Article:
I've read most of Anna Quindlen's novels, many of her columns, and some of her non-fiction. But of all of her books, the one that has meant the most to me is "Siblings", a book about sibling relationships with photos by Nick Kelsh. I first read an excerpt from the book in a magazine about 1998 and clipped it out, filing it away as I do many clippings. I ran across that clipping years later and decided to see if the book it was lifted from was still available. Thanks to the wonders of online booksellers, I was able to order four used copies (it's no longer in print) - one for myself and one for each of my siblings. I sent the books to my siblings at Thanksgiving in 2006 with a letter in which I wrote: "She writes that she 'doesn't understand how people learn to live in the world if they haven't had siblings.' She says that 'we can never really lose them, or we have lost our history, our past, a part of ourselves that we cannot do without.'" I underlined that last phrase and put it in bold type and wrote "I cannot do without the three of you." Quindlen doesn't sugarcoat the sibling relationship. She recognizes the tensions, the jealousies, all of the negative emotions.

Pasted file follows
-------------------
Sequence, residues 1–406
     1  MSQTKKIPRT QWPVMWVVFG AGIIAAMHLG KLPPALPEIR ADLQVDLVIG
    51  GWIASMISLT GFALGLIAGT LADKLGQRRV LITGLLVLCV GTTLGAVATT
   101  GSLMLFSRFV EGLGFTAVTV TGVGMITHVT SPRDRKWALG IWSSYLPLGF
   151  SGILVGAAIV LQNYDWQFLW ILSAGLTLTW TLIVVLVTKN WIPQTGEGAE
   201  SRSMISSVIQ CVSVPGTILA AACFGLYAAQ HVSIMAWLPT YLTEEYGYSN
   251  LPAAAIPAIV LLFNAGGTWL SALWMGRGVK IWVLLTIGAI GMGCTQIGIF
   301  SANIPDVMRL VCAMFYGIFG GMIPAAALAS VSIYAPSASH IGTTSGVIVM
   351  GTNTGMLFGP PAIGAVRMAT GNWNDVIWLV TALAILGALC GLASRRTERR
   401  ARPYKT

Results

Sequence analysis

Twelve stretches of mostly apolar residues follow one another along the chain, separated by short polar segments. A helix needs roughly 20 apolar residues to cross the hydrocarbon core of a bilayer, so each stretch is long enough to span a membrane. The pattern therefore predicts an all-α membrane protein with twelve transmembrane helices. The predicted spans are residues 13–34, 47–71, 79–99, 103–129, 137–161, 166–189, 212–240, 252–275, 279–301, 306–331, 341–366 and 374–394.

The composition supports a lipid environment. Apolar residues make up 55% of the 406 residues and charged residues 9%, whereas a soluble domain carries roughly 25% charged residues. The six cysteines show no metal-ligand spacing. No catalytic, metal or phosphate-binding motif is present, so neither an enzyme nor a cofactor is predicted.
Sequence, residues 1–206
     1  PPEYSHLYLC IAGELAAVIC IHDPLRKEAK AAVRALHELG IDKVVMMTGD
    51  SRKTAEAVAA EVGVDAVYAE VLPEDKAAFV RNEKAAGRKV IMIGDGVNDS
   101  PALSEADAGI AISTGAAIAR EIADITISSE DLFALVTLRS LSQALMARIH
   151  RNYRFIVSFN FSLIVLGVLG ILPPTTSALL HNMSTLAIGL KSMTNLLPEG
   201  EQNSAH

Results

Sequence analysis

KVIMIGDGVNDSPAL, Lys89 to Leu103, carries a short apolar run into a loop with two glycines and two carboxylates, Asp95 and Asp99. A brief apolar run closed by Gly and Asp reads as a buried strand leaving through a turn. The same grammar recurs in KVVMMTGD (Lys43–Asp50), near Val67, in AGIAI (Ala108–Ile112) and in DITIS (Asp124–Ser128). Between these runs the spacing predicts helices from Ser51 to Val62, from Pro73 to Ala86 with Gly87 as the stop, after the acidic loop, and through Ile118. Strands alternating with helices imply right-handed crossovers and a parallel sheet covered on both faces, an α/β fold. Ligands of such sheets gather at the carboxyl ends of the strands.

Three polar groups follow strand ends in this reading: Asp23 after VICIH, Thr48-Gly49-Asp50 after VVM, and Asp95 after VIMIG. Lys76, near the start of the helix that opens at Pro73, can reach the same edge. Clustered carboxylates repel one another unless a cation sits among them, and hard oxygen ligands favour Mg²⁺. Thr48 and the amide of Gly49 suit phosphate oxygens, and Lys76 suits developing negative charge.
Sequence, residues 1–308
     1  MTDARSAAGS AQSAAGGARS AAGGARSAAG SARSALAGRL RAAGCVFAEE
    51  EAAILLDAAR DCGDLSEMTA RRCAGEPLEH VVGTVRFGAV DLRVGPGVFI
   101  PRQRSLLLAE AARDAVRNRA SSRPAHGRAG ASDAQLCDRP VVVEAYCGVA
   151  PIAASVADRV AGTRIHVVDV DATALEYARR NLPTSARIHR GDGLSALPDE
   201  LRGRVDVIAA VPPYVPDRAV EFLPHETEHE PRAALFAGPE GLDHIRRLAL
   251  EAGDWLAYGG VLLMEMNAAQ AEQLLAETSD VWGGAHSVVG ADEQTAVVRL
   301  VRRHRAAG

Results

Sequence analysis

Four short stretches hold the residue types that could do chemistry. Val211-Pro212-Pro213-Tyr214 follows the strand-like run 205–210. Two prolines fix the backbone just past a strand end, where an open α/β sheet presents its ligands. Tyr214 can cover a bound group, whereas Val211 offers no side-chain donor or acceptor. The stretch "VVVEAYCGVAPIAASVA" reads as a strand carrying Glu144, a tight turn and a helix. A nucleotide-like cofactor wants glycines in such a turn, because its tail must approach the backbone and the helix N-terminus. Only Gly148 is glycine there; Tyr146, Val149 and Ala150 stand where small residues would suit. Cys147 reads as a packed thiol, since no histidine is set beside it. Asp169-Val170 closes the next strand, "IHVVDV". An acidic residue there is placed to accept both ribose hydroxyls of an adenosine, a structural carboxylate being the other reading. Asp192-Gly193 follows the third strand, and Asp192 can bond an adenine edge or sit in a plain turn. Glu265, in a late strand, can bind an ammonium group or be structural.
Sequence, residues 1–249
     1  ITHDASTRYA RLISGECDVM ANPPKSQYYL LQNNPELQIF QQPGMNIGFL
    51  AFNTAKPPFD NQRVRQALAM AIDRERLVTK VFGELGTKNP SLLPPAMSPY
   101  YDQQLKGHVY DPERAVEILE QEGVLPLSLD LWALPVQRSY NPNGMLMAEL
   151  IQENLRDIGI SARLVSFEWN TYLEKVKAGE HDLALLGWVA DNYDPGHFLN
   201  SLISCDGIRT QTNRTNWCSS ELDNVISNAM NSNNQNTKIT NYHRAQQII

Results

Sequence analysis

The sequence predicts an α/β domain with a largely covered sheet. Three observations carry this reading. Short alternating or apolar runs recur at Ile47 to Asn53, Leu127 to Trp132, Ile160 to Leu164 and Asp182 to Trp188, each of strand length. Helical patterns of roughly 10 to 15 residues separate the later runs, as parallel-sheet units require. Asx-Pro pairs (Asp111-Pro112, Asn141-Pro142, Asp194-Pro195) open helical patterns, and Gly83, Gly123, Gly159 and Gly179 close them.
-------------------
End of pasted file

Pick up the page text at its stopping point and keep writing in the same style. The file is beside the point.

About that same time I sent my children a copy of the excerpt from the book. I reminded them that as young adults with busy lives and small children it is surely hard to make time to stay in close contact with each other - but that one day those children would be on their own. That if they didn't make the time for each other now they may realize one day that they don't know each other very well anymore. And that would be a great, great, loss, for they will need each other.
I realize that I am incredibly blessed by the love and support of my siblings. We haven't grown apart over the years, though we have certainly lived great distances apart. It has not all been smooth going. There have been misunderstandings and resentments, as there are in all relationships. But the love is always there, holding us together. I love you Ricky, Ann, and Mary!
"'Flesh of my flesh,' they may sometimes say in the marriage ceremony, but it's just not true. It is not even true of our children who are part of us; part of someone dear to us; loved by us; but not made of what we are made of. But our brothers and sisters: Well, it is all the same clay." Anna Quindlen